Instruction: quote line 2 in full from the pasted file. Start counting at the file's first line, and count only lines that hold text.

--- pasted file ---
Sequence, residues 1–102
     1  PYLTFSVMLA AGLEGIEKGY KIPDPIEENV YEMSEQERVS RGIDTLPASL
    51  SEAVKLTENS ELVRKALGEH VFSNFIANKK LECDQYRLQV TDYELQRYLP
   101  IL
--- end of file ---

     1  PYLTFSVMLA AGLEGIEKGY KIPDPIEENV YEMSEQERVS RGIDTLPASL